Blanco has a population of 1,700 and is located 12 miles south of Johnson City. It was named for the nearby Blanco River and established in 1858. In spite of hardships suffered during the Civil War, the town continued to grow and by 1870 had four stores, a hotel, and a gin. The old union church, built in 1871 at a cost of $1,300, remained for many years the center of town life. It was used as a church by different denominations, as a schoolhouse, and as a community meeting place. Blanco has primarily been a ranch and farm trade center. Blanco provides a great Hill Country get-a-way. The town offers fine dining, shopping, distilleries and breweries, and a variety of live music and other events throughout the year.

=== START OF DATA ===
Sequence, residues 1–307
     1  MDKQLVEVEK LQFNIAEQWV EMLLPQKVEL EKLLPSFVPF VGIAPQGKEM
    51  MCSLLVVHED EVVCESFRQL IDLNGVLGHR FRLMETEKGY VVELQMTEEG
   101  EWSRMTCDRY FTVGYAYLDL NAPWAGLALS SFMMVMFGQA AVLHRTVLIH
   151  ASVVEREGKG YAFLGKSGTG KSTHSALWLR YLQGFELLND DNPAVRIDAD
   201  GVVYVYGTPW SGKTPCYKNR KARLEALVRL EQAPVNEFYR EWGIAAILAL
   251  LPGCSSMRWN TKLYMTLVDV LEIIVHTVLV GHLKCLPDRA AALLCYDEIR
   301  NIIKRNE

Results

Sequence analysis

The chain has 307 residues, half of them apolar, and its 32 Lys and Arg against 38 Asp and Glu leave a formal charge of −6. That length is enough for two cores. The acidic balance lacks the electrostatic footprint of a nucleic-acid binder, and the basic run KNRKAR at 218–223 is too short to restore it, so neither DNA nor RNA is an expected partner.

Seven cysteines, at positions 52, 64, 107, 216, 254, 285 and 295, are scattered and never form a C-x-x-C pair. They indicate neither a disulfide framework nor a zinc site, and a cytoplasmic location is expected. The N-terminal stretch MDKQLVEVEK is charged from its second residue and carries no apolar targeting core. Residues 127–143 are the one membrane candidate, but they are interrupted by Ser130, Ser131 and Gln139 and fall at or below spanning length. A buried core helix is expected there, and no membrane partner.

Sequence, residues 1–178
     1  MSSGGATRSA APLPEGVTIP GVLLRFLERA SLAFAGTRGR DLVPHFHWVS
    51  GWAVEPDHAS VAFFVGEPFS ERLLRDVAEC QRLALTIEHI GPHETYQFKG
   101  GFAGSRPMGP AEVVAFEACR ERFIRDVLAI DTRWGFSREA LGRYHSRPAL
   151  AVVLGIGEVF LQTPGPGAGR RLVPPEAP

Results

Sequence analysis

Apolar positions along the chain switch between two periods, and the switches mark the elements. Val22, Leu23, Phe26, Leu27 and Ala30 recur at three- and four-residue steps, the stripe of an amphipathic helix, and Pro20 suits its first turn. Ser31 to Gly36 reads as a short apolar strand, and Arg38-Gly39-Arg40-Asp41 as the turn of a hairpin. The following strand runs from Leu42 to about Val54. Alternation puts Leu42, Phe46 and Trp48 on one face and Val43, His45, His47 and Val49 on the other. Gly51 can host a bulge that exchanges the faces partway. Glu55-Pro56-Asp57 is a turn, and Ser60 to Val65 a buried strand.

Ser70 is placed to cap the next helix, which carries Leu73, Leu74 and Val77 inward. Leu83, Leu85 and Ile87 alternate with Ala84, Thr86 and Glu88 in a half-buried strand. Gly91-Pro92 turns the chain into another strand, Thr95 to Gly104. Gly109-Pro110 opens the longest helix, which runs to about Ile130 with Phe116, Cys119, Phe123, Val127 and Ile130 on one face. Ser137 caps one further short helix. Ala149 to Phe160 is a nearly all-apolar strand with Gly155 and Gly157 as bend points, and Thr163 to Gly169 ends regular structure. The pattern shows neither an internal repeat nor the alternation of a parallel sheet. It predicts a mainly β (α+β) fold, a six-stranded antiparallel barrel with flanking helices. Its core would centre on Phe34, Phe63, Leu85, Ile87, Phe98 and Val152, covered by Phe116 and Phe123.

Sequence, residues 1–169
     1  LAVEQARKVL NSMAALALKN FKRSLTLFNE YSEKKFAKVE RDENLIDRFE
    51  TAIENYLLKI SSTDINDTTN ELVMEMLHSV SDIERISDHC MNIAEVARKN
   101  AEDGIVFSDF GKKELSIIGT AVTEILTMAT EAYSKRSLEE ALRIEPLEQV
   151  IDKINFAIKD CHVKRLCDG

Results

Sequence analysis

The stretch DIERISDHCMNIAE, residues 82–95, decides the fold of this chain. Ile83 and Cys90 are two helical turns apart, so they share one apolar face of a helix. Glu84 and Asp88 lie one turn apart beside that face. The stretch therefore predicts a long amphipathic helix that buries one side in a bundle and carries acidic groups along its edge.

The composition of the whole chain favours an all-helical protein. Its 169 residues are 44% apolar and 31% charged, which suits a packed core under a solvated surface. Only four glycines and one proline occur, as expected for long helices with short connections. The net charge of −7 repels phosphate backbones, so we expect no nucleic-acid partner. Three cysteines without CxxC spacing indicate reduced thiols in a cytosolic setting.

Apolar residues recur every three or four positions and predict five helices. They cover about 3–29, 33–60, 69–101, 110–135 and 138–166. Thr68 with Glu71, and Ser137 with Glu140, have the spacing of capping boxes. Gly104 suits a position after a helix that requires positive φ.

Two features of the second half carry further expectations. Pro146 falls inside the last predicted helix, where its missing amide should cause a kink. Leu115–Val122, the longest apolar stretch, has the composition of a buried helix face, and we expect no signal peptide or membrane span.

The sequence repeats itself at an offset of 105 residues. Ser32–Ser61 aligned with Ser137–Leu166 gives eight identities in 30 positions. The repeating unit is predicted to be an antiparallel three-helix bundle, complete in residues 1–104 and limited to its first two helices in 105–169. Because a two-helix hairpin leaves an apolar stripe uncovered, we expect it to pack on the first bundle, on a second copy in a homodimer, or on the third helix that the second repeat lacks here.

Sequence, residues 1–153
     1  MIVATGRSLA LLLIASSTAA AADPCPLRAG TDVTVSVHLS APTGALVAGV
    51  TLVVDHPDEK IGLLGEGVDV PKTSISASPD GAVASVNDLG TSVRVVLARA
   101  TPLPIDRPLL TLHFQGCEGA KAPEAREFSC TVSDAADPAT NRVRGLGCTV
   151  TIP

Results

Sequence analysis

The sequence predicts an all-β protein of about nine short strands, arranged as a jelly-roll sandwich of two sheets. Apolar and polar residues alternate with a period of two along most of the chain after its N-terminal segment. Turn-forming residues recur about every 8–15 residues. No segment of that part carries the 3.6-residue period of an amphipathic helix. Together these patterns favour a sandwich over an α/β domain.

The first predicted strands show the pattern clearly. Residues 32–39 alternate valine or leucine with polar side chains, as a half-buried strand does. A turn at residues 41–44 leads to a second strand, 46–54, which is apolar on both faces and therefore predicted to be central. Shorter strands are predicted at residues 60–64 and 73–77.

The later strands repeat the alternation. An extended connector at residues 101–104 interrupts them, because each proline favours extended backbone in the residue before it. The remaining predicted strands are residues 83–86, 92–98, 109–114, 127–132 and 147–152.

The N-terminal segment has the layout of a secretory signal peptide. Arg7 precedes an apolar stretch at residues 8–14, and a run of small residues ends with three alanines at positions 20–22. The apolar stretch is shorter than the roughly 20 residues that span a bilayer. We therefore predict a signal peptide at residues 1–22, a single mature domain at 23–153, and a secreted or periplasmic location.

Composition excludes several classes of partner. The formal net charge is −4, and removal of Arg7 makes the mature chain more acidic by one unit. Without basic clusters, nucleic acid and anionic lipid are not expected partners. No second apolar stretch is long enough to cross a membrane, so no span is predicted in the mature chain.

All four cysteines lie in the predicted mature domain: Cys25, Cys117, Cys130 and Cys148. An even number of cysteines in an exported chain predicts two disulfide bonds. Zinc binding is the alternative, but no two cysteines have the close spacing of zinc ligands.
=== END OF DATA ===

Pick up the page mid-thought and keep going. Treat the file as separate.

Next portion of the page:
The community that would become St. Michael’s and All Angels began meeting in parishioner’s homes in 1953. They held a groundbreaking ceremony for the church building in 1956. St. Boniface in Comfort donated a pump organ. The pews were donated by St. Marks in San Antonio. The two bishop and priest chairs were given by Mrs. Jones, the bishop’s wife. The altar was given by Mr. and Mrs. Lawrence Brooks. They hold a service every Sunday at 10:00 am. They are currently served by The Rev. Bryn Caddell.